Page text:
Tuesday, November 28, 2023

Date With A Fox - Tim Coonan, Biologist

 Join Friends of the Island Fox for a Virtual Event !

"Date with a Fox" 

with guest Tim Coonan

Tuesday, December 5 

6:30 - 7:30 pm Pacific Time on Zoom

Tim Coonan is the retired Senior Biologist for Channel Islands National Park. He documented the mysterious decline of island foxes across the northern Channel Islands and uncovered that golden eagles had colonized the islands and were unexpectedly preying on island foxes. 

How were the decisions made to bring island foxes into captive breeding? What steps had to be taken to restore the ecosystem so that island foxes could return into the wild and recover their populations? Tim Coonan was there when only 15 individual island foxes remained on San Miguel Island and four populations were listed as Endangered Species. 

He released the last captive island foxes back into the wild and is the co-author of "Decline and Recovery of the Island Fox." 

Join FIF for an intimate conversation with Tim Coonan and a chance to ask your questions about island foxes.


Monday, November 13, 2023

She's Back! F257 - an Island Fox with a Story

F257 was true to form in 2023. She was captured during island-wide counting on Santa Rosa Island for the fifth year in a row!

This charismatic female island fox was first captured and radio-collared in the fall of 2019 as a pup of that year. She was collared in the territory where she was born and there were thoughts she might provide additional data on how far female offspring disperse from their parents' territory.


She didn't go anywhere. F257 remained in the coastal plain of her childhood. She has been captured each year, not only in the same area, but in exactly the same location. A highly unusual occurrence.


Health checks in 2020, 2021, and 2022 found F257 healthy even during years of drought. She even was videoed after receiving her new radio collar. But physical evidence revealed that this healthy female island fox had not become a mother. Island foxes typically have pups in their second year, but they can breed before they are a year old if resources are available. During the 2021–22 drought years, most female island foxes did not breed.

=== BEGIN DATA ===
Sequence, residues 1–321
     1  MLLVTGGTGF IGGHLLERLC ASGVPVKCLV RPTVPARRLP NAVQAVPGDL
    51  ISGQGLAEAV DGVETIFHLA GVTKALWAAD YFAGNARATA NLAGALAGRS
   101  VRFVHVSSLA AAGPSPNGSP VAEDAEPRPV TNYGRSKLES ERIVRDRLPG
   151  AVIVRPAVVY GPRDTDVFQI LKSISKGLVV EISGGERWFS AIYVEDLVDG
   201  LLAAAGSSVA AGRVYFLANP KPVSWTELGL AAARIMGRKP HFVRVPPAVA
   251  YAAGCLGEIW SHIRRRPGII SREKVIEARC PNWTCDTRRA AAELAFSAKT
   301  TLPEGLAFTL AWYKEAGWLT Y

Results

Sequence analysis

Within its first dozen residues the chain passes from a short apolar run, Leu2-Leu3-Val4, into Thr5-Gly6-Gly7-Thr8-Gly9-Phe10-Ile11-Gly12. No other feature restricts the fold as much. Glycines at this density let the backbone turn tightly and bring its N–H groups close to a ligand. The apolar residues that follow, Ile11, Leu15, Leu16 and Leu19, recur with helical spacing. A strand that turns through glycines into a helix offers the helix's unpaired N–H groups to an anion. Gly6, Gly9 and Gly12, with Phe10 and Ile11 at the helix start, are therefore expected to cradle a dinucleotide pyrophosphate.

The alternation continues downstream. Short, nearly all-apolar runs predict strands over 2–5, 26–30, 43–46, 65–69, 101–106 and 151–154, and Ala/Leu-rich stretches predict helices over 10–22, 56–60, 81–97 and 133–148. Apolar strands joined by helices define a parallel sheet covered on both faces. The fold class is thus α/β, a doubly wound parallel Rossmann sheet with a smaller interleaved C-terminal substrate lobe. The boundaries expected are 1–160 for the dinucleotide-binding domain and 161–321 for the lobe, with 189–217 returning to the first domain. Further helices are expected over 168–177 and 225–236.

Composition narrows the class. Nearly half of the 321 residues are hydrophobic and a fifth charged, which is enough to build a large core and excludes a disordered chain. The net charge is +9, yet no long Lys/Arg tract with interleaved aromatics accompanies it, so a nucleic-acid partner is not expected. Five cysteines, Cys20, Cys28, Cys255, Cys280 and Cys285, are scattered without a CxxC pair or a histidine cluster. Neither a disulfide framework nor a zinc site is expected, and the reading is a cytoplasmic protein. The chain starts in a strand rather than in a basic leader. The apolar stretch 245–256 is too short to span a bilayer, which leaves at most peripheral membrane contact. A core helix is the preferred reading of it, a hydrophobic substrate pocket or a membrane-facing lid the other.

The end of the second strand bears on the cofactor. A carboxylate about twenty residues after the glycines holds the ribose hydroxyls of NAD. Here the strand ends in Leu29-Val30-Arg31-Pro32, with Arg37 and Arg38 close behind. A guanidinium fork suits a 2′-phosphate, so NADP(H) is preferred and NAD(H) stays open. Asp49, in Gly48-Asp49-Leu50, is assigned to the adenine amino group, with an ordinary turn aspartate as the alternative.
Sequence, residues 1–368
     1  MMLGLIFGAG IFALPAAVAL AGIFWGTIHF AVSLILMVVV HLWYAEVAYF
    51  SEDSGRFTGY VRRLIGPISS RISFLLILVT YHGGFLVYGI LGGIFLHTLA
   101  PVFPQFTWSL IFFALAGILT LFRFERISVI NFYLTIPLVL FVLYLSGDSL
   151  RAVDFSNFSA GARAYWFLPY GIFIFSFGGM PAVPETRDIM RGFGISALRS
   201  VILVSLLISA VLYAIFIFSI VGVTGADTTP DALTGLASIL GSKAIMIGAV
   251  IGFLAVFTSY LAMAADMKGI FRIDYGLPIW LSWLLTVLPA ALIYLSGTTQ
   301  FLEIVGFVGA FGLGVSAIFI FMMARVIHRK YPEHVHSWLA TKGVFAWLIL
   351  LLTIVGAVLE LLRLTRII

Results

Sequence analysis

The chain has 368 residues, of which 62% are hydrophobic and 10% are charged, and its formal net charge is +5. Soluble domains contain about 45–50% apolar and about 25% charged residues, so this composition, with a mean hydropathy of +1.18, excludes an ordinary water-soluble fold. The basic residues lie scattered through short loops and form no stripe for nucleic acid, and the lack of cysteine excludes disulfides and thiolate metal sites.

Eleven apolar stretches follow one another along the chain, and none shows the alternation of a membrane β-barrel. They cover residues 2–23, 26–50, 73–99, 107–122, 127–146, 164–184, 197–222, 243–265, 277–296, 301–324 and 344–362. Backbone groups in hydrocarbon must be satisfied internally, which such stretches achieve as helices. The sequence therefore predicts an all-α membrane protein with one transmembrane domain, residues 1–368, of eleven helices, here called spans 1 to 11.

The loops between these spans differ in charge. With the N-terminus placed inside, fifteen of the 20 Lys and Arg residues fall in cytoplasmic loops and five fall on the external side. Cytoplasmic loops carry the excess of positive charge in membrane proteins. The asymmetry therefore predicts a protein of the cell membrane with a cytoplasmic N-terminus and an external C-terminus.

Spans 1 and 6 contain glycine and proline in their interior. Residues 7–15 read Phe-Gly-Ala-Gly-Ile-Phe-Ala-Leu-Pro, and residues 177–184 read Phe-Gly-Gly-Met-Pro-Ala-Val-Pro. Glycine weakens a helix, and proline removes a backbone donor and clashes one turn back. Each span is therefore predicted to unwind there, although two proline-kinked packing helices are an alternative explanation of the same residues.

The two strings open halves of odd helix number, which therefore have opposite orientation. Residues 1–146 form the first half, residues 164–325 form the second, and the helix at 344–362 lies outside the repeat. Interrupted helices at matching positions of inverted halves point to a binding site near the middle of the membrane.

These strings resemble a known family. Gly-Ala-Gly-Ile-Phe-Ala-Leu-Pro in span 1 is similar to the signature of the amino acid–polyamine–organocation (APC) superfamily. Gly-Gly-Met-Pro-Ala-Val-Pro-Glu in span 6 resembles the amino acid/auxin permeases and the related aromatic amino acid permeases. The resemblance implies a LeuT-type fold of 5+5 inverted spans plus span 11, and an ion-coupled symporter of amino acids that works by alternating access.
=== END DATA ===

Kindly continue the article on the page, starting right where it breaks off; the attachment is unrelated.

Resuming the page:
This year F257 approached breeding season as a middle-aged fox–4 years old.

The rainy winter suggested a boom of resources for island foxes. We all waited to see what would happen with F257.

When she was captured in September, F257 showed evidence of nursing pups. 

Island fox females who have NOT been nursing have white bellies.

Females that have been nursing have pink bellies.

F257 has added her genes to the population of island foxes on Santa Rosa Island. We hope she continues to thrive and tell her story.

More on island fox reproduction.

Monday, November 06, 2023

FIF 2023 Research Grant to Help Count Island Spotted Skunks

Friends of the Island Fox received a record number of grant applications this year. Funds were awarded to two projects. Today we highlight:

Desirae Thomaier a masters student in Biological Sciences at Cal Poly San Luis Obispo. 


Island foxes share their habitat with island spotted skunks on Santa Cruz and Santa Rosa Islands. When island fox numbers declined due to golden eagles, island spotted skunk numbers increased dramatically. As island fox populations recovered, skunk numbers appeared to decline. 

While some researchers have attempted to follow island spotted skunks with radio-tracking collars, the spotted skunks small size and seasonal weight fluctuations make it difficult to effectively use radio collars. Prior studies recommended wildlife field cameras as a way to potentially quantify the number of island spotted skunks on each island.

Thomaier's project–Occupancy modeling of Island Spotted Skunks on Santa Rosa and Santa Cruz Islands–will deploy 60 field cameras across each island for a full year.

Hopefully, this effort will provide a better accounting of island spotted skunks numbers and how they are "responding to very high fox abundance."

Island spotted skunks are nocturnal. Interactions between island foxes and island spotted skunks under the cover of darkness. Thomaier's cameras may also uncover additional information about the interactions between these two island carnivores.

The series of three photos below were taken over the course of 8 minutes.

One spotted skunk followed less than a minute later by an island fox.

Followed 7 minutes later by two island spotted skunks.

One skunk is in the upper left corner with the second skunk right on its heels. (photos courtesy of Channel Islands National Park)

What is the story here? We really don't know. Hopefully, Thomaier's research project will help provide a more accurate count of island spotted skunk populations and shine a light on the complicated relationship between these two island predators.

Island spotted skunks may deserve separate species status. FIF Research Grant 2022 recipient Julia Owen will be presenting at the California Island Symposium this week in Ventura.